March is the time to tap the maple trees. Traditionally I start tapping on March 1st but last year sap didn’t start running until nearly the end of the month. This March I was more cautious and waited until the sap run actually began. Like last year it was cold and windy and started really late. March was more like February. Snow conditions were good and trails were passable for the entire month.
There have been no deer here at all in March, but we do have a small flock of turkeys. They have been more wary than flocks we have had in the past. I think that when the snow doesn’t support them, they can’t run easily and are afraid to let me get near. They would come to the chicken yard to scratch for corn but fly as soon as I came out the door. Mostly they didn’t go far and were perched where they could watch while I put the corn out. Once I was out of sight they would come in. Now there is a crust and they know what it means when I go to the chicken house. A few of them come close and wait for me to feed them.
Winter is finally winding down and the Blackbirds have arrived. Flickers are feeding in the field and “Sammy” the Sapsucker is tapping the backboard of the mailbox and every other thing that makes a good sound. For the first winter since we have lived here there were no flocks of Evening Grosbeaks at the feeders. Pat saw a small flock one day back in December and that was it. I hope this isn’t a trend. Chickadees and Juncos have been the most common visitors in March. The Turkey Vultures arrived looking the maples over for their usual bait piles but I didn’t get any carcasses for them this year. I guess that is a good thing for the deer population.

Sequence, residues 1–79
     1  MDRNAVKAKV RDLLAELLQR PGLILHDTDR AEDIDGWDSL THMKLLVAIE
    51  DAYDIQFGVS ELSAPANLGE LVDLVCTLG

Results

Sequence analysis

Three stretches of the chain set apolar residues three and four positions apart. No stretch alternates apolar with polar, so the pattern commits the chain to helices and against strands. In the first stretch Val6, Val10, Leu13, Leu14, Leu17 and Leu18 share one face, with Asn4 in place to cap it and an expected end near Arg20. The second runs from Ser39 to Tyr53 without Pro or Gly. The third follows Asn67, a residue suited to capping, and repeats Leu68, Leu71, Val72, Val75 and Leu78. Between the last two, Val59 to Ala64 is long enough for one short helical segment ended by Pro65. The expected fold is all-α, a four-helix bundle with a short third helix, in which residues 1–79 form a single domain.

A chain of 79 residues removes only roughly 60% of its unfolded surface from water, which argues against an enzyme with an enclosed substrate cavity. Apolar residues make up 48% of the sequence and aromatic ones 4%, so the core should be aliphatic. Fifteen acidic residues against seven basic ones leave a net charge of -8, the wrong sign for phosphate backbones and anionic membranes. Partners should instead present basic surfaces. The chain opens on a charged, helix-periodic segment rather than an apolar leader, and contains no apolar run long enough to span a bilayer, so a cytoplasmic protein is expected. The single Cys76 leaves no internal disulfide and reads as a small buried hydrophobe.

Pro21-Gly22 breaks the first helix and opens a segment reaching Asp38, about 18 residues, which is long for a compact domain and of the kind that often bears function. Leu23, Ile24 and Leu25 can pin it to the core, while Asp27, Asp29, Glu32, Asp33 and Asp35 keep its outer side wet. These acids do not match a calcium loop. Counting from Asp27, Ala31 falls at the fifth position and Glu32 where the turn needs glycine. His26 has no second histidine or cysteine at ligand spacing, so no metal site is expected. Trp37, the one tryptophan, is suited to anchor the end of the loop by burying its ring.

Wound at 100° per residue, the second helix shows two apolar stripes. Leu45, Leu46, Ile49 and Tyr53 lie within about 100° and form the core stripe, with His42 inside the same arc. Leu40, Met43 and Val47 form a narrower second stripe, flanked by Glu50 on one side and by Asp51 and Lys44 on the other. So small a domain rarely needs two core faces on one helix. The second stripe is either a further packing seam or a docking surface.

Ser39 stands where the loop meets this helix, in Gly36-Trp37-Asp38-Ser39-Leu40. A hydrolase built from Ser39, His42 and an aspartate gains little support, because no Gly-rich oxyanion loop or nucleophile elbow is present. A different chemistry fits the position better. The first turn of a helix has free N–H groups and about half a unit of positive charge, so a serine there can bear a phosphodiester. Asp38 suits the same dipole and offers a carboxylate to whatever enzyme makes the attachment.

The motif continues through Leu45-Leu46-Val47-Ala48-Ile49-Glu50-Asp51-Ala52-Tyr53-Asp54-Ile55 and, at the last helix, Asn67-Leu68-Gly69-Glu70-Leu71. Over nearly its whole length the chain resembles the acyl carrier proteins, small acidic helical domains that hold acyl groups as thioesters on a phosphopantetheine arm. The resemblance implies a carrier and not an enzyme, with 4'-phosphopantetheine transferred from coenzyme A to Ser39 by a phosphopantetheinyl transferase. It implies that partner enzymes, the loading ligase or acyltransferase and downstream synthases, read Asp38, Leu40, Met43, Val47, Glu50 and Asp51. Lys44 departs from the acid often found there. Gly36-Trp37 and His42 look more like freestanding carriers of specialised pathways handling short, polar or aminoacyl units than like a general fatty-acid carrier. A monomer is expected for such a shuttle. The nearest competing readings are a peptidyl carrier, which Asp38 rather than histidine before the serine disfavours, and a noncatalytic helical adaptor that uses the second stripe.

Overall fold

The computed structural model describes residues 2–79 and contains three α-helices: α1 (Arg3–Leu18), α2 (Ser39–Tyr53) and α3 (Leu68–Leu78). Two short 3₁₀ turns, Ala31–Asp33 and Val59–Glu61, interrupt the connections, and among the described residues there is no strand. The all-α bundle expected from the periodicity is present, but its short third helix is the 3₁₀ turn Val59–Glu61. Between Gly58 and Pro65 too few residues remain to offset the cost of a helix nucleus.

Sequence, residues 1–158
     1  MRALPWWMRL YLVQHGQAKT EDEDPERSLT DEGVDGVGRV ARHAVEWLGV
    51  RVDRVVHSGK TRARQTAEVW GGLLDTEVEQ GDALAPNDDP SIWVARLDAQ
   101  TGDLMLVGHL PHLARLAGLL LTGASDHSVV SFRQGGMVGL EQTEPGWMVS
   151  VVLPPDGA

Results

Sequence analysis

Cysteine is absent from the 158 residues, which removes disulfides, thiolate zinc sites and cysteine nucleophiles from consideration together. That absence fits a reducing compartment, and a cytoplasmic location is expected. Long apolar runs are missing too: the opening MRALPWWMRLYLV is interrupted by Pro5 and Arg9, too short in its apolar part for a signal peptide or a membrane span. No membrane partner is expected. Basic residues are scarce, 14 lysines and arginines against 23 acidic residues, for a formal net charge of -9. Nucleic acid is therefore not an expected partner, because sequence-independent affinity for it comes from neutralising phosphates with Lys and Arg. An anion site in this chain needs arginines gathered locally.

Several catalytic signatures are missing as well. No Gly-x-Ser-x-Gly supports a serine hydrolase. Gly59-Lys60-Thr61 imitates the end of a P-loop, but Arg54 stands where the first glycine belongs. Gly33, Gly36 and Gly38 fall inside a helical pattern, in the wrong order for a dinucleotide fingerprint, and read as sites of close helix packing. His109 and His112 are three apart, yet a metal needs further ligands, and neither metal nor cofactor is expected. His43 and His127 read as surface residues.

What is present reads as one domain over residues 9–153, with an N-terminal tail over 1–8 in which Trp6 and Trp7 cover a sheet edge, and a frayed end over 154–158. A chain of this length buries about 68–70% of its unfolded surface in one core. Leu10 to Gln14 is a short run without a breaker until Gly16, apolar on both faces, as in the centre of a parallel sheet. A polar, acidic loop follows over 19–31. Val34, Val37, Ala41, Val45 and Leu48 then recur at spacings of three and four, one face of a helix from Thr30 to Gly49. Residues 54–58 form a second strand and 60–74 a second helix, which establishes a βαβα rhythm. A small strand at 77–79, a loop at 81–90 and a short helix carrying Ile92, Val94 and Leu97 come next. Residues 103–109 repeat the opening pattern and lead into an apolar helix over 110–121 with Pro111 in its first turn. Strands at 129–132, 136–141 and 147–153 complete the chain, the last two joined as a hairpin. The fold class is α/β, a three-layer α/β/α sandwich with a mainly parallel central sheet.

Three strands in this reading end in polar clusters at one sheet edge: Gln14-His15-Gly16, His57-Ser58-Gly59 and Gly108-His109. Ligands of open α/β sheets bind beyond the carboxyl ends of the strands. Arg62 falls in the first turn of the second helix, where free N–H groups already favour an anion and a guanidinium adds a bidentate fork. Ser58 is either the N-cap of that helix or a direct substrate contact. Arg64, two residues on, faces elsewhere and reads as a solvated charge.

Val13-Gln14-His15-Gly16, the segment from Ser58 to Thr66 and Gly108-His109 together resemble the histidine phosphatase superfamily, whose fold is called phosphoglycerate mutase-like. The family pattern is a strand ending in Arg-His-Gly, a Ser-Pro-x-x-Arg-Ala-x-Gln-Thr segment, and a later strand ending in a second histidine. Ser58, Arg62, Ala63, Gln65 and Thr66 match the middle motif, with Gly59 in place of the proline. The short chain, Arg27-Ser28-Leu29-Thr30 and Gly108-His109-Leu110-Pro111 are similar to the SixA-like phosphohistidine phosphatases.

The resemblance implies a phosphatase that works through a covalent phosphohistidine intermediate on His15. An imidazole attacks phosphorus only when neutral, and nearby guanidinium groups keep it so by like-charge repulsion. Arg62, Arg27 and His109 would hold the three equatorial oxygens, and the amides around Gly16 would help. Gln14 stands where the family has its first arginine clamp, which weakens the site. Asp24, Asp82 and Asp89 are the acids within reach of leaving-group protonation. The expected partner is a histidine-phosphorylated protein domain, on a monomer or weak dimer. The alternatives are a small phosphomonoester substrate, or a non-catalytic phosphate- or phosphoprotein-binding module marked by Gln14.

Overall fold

I have seen moose sign on the ski trails in March without the blood spatters and engorged ticks we saw last year. I hope that the severity of this winter and last has knocked them down a little. Last year was a huge year for Blue Jays and I saw a lot of evidence that they were consuming ticks. It would be worth a study to see how they figure in the equation. This year the numbers here are way down compared to last winter.
The cold and snow would not let up for the entire month of March even when mud season had begun. We woke up one morning and the ground was covered with 4 inches of heavy wet snow. We have all been looking forward to some beautiful days, but March was not the month for that. The evaporator is ready, the buckets are hung, and a little sap has started to run.
Greg and Pat